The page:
That health care reform might be passed without the involvement of any Republican senators is an irresistibly tempting thought. Who needs 'em? Unfortunately, the possibility of that happening is but an illusion. To get all 60 Democratic votes in the Senate puts one at the mercy of the two or three most conservative and disruptive Democrats (Ben Nelson, Mary Landrieu et. al.) who are in their own ways more difficult than the two or three most cooperative Republicans. And those Democrats will be a lot more comfortable if there are at least two or three Republicans providing them with cover. As a result, health reform is much more likely to get either 64 votes or 56 than to hover on the cusp of 60.
I know what you're thinking: What about reconciliation? Budget reconciliation bills are subject to strict time limits on debate, so 40 Senators cannot stand in the way. If Nelson and/or Olympia Snowe stand in the way of a good bill getting 60 votes, the door has been kept open to move some form of health reform through the reconciliation process, with just 50 votes. The Republicans did it all the time when in power, even when they had Democratic support, just to limit the concessions they had to make. Why not do the same, rather than let a minority of senators, who represent but a small fraction of the electorate, thwart the will of a real majority?
But reconciliation is not just a “50-vote senate,” as it's sometimes called. It's a process constructed in the 1970s for a specific, limited purpose: to bring existing programs in line (reconcile them) with a long-term budget. Since then, it's been used for huge policy changes: the Reagan and Clinton budget plans, the Bush tax cuts. But there are limits. Under the senate's Byrd Rule, intended to hold the process somewhat to its original purpose, reconciliation can't include provisions that have no budgetary effect or that have an effect outside the current budget window, which right now is five years. (Byrd Rule limits can be waived, but by 60 votes, so you're back in the 60-vote Senate.)
To greatly oversimplify, what this means is that it's almost impossible to use reconciliation to build something new. You can expand Medicare or shrink it, cut taxes or raise them. But to construct something that doesn't already exist will inevitably require provisions that don't in themselves have a significant budgetary impact: regulations, structures, guidelines, realigned bureaucracies. In particular, much of the structure of health insurance exchanges that are envisioned in the House and HELP Committee bills would not survive the Byrd Rule axe. Only the flimsiest outlines of a health reform bill would survive – the financing would be there, but not the structures to ensure that the money would be used properly. Further, reconciliation would give the Finance Committee – which controls the money – even more clout over the more liberal HELP committee.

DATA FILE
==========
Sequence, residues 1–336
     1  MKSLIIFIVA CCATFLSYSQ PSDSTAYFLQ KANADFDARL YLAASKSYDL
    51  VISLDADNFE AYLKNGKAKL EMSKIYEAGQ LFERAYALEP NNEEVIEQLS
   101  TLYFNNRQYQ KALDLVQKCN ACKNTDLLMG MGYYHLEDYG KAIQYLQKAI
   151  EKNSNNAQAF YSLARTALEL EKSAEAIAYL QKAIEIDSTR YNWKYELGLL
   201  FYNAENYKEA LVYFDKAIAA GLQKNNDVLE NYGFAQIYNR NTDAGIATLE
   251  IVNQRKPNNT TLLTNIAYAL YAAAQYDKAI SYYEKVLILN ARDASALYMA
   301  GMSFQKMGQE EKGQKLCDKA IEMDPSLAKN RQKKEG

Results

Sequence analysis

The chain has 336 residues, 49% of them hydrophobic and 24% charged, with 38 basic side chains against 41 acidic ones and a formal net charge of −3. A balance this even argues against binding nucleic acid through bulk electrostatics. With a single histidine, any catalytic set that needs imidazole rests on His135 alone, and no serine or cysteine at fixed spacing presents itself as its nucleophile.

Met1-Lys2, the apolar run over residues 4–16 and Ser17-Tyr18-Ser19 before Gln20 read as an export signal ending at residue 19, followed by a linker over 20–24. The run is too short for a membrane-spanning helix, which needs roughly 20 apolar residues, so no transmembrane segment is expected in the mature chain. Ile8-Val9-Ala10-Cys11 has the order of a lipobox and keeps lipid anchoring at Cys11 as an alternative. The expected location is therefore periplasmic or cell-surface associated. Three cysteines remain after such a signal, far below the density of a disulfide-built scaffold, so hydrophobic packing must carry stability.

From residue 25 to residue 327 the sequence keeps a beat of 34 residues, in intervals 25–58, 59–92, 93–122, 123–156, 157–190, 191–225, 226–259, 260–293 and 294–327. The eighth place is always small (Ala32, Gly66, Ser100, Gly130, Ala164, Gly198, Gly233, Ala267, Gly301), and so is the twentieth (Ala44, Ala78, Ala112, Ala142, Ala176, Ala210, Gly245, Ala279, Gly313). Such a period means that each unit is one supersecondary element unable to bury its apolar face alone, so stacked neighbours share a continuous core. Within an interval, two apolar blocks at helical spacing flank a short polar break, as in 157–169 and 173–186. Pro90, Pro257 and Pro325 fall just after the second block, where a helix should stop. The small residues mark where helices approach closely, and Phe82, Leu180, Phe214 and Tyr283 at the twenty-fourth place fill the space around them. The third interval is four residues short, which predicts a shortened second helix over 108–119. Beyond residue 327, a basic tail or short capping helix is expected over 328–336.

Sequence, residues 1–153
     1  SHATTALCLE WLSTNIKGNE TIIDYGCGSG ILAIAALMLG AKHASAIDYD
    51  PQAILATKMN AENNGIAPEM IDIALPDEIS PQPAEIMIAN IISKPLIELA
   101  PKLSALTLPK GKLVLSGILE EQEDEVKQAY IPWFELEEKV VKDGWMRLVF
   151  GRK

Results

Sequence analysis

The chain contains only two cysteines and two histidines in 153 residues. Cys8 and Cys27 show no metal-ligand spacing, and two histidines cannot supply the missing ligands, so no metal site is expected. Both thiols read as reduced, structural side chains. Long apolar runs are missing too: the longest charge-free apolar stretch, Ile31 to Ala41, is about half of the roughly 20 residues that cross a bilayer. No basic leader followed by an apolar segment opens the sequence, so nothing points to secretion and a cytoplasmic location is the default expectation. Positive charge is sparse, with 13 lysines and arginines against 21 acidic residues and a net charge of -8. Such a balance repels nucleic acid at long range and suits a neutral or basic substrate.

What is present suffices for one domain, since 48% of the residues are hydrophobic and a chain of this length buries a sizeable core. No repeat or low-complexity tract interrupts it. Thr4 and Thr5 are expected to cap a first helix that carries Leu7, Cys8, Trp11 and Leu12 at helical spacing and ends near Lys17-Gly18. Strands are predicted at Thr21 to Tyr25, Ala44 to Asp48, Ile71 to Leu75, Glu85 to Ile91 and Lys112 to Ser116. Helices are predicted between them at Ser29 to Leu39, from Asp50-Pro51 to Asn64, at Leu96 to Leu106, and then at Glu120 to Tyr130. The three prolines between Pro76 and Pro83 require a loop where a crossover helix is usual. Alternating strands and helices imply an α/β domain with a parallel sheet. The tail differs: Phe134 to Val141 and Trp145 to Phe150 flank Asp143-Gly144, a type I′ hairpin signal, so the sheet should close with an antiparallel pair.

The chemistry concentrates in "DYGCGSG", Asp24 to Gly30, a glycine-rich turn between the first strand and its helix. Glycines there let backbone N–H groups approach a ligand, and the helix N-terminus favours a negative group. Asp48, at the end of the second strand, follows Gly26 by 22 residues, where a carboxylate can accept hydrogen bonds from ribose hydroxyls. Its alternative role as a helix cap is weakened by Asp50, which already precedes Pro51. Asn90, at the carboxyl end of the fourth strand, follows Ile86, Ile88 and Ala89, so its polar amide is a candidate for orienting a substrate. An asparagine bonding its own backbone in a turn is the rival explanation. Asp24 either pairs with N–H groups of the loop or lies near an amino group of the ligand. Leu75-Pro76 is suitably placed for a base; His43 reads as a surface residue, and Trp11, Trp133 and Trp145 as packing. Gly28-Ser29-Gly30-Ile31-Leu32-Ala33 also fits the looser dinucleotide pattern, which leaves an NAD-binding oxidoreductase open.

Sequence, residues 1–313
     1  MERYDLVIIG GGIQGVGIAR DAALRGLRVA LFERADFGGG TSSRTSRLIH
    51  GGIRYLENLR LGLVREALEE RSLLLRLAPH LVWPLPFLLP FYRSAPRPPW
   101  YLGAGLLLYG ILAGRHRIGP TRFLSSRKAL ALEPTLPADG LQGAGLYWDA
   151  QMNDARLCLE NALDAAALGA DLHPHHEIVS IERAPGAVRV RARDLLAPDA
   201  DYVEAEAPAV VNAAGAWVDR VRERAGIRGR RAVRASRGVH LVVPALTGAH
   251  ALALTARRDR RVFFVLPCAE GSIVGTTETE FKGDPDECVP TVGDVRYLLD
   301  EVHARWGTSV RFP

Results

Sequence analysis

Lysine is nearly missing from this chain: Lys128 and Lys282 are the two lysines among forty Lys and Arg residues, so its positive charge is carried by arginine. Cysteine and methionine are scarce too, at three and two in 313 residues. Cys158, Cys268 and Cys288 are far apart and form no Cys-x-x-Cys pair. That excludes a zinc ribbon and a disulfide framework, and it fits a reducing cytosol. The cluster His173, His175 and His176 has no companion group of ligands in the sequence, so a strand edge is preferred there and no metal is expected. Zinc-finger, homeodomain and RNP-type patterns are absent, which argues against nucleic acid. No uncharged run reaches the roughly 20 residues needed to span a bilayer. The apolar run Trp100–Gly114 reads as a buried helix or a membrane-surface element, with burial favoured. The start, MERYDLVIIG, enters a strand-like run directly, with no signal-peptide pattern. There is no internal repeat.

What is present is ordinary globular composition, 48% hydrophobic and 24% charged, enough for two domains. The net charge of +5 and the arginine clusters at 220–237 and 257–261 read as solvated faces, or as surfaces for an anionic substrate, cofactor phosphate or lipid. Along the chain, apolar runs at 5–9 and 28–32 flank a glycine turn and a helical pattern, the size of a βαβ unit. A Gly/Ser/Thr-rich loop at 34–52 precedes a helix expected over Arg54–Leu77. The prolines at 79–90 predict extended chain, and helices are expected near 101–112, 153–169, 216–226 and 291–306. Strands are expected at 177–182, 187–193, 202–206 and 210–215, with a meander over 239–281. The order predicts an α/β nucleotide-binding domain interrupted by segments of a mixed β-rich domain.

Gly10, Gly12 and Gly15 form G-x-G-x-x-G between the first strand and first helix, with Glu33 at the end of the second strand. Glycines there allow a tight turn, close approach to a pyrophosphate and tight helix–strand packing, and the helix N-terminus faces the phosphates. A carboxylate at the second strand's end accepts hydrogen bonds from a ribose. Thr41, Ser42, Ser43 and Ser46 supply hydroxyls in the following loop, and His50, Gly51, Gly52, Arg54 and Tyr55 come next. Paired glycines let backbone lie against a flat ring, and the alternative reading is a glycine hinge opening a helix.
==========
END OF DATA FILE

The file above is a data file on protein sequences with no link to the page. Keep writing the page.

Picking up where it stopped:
Some have suggested using reconciliation to install the rough skeleton of reform, and then fixing it later, but the act of using reconciliation in the first place is such a nuclear option that it is likely to poison the waters not just with the four semi-reasonable Republicans but also with the Democrats who are left out of the deal, and will be needed on subsequent legislation.
But what if Congress did it in reverse? Use the 60-vote Senate to pass whatever they can pass now -- we liberals will grumble but live with it -- and then use reconciliation next year to fix it. With the exchange structure and subsidies established, it wouldn't be hard to add an employer mandate, which would save money. With the rudiments of even a weak public plan in place, it wouldn't be complicated to expand it and modify its eligibility rules, in ways that might save or cost money but in either event, involve budget changes to an existing program rather than creating something new. Aggregating small changes over the next few years (on the model of the steady expansion of Medicaid engineered by Henry Waxman and others over the 1980s and 1990s) could non-controversially build the kind of robust and equitable system we dream of.
It's not ideal, and any political scheme based on do something now and hoping to fix it later faces the reality of all the partial reforms that litter the landscape. A plan that is so bad that it brings a backlash is more likely to be repealed than fixed. But it might just be that the big reform of health care can't be achieved all at once. And this would at least get the pieces in place for the next phase to move forward, with or without the current obstructionists.
-- Mark Schmitt
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